After they are in school and on their own, then their care isn’t as much of a dilemma as certain other things–do I write about them? They are fascinating, so this is tempting. Do I write about their father? What may I reveal and what may I not reveal? How much of my inner life am I prepared to put on the page? My own kids have been pretty leery of reading my work, and I don’t mind this. They can get around to it after I pass on. Some authors, male and female (say, John Cheever, John Updike, and Ayelet Waldman) have taken their home lives as their subject matter more often than I have. My interests have been more outward than inward. I don’t know if that’s a choice or a habit. There are two sides to the dilemma–should you share their lives and activities? and what will they feel when they read about your life, activities, and thoughts? So far, I have no idea which of my books my children have read, or what they think about them. That’s probably the best way for me. I do remember watching a movie called Quiz Show, about a 1950s quiz show scandal. The protagonist’s father was a famous man of letters. A room in his house is filled with pictures of his greatness–awards, famous people, testimonials, etc. I remember being really offended by this, and thinking that who you are in the house is their parent. They can find out about the other stuff on their own, not from you.
Do you have any advice to other writers with kids or who plan to have them?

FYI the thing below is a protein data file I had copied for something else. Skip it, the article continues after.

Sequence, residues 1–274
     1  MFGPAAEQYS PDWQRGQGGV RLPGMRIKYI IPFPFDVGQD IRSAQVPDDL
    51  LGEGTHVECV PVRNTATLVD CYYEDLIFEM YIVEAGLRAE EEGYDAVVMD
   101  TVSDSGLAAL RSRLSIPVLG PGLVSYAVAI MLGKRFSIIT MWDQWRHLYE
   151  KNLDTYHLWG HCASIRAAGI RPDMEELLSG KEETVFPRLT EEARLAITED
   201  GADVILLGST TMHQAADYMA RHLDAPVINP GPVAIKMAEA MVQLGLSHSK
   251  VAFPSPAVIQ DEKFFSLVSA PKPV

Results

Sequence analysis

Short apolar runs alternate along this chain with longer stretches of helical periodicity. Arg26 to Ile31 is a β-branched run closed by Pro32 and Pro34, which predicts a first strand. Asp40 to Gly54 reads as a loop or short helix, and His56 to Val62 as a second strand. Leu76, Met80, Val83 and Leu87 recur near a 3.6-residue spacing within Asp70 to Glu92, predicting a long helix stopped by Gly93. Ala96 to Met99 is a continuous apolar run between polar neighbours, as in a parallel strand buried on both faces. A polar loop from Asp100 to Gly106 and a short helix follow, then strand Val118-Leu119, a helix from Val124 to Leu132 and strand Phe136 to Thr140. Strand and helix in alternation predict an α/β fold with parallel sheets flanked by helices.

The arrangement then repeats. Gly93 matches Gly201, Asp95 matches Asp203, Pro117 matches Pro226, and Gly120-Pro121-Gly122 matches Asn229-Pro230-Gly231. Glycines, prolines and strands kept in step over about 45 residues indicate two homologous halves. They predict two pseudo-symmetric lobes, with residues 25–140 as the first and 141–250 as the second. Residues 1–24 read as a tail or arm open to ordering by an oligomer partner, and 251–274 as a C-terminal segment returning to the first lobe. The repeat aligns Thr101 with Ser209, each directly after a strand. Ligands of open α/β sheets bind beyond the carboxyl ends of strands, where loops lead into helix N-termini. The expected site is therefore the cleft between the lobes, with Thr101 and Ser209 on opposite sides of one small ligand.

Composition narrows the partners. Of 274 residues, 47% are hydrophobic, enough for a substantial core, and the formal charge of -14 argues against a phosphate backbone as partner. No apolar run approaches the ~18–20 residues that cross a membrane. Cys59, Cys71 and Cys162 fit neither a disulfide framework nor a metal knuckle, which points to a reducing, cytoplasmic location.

Ideally, you would live in a place that is kid friendly, you would establish your writing habits and your career early so that the children didn’t distract you, but also so that the fact that you are a writer is just a part of who you are as far as they are concerned. Ideally, you would also have a mate who is willing and able to share childcare responsibilities, and finds it fun to take the kids somewhere when you are hard at work, or who can cooperate if you have to do some research somewhere (when my kids were 2 and 6, I went to Greenland for three and a half weeks). Ideally, your mate is enthusiastic about your working life and everything that comes with it. Ideally, you would be able to write if there was noise or the phone rang. You could deal with distraction and not be thrown by it. You would not need absolute silence (I’ve met some writers who do–very difficult). When I think of women writers with kids, I have to mention Anthony Trollope’s mother, Frances, who wrote dozens of books while rearing four sons, and was, maybe “the most provocative writer of the early Victorian period.” She was very adventurous, supported her family, and nursed her husband in his last illness while writing. I think her main virtue is that she just kept at it.